First conceptualizing and then actually hand-making a sign to take to a march is a variant of Street Art – part of the theatrical, political, personal, contentious activation of public space that you individually can take entirely with your own act of creativity. For pros and amateurs alike it can seem enthralling, liberating, even risky to put your artistic skill and opinions out there for others to gaze upon and analyze.
Still a protected form of speech (so far), the results of your industry can be thrilling, humorous, confusing, absolutely enraging. It depends.
On the occasion of Donald Trump’s first day as president, January 21st brought an enormous flood of defiant and celebratory art, performance, and chanting to Washington. Also, thousands of pink crocheted ‘pussy’ hats.
We follow Street Art wherever we go around the world and we are always on the lookout for new, effective, poetic, strident, abstract, in-context messages and techniques. This march met and exceeded expectations.
With three times as many attendees as the actual inauguration, the Women’s March in Washington D.C. on Saturday may have been the biggest in US history. Reportedly there were hundreds of “sister marches” which it spawned across the world. Just in terms of math that means an unprecedented number of aesthetically inclined people were challenging themselves to make signs, props and all manner of theatrical costumery to get their point across.
Themes addressed often spoke to subtle and overt misogyny and women’s empowerment and dominion over their health, bodies, intelligence, families; all in direct response to Trump’s cavalier disparagement and violence toward women on the record and alleged in courts.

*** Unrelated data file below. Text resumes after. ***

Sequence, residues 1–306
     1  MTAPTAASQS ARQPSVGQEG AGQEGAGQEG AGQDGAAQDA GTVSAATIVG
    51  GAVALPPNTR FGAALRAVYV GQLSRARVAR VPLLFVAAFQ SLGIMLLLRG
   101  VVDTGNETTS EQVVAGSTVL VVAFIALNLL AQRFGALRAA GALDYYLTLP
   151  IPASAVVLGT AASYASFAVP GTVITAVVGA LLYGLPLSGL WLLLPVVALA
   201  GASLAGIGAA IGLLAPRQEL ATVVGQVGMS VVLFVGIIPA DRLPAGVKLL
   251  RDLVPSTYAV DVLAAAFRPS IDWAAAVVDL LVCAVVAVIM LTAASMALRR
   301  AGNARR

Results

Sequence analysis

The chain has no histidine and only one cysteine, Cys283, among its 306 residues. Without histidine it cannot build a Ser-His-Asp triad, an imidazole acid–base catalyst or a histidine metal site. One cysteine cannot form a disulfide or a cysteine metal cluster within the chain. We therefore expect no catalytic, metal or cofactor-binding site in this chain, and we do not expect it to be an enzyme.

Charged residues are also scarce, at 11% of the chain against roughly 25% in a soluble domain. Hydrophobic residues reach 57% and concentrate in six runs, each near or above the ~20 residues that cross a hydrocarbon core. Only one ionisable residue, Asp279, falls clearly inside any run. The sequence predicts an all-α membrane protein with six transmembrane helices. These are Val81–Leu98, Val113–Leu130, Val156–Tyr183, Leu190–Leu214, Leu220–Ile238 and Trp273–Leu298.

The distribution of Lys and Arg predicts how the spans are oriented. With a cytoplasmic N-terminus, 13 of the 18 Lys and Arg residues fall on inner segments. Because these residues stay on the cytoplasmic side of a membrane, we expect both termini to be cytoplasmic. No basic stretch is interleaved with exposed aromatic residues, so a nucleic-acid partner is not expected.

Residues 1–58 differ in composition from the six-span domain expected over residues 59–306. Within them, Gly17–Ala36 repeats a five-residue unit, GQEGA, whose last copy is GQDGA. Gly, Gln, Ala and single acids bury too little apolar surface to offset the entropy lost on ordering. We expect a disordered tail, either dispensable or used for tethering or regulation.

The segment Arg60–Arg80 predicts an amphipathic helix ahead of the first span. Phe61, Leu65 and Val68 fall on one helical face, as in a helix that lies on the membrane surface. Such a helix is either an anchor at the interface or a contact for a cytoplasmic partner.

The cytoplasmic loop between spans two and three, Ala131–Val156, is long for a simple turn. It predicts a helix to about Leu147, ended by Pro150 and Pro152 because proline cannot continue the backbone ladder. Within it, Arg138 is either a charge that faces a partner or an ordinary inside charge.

Other topics of signs for this least favorite new president skewered Russian involvement in the election, a cabinet of mostly white male billionaires from banking and oil, his mocking of a person with disabilities, racism toward anyone not white, a mocking disregard for all environmental matters, and cats.
You undoubtedly agree that cats are appropriate for nearly any march, as long as you don’t expect any actual cats to actually march, because that would be beneath them.
“We will not go away! Welcome to your first day!” was one of many chants that the New York photographer named The Dusty Rebel heard during his two day survey of the streets of the capital.
A dedicated eagle eye on the streets capturing buskers, beauties, prosletizers, preachers, politicos, and flim-flammers, Dusty says that this visit to DC was an overwhelming experience and sometimes challenging to capture. We’re thankful that he did and that he shares some of his favorite shots with BSA readers today.
In fact, this momentous series of marches across the world looks like it may have launched a new political movement, possibly sparking an increased level of engagement of citizenry with the wheels of government. It’s hard to tell but at least for now it’s brought more handmade art to the street.
“Sounds like it’s already time to start coming up with new sign ideas!,” says Becki F. on her Facebook page when it has been announced that the next march is being planned for April 15th – tax day. One possible outcome will be that the President admits that yes, people do care about his tax returns.
To learn more about the Women’s March On Washington or to get involved click HERE
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A version of this article is also posted on Brooklyn Street Art here.
Read all posts by Steven P. Harrington and Jaime Rojo on The Huffington Post HERE.
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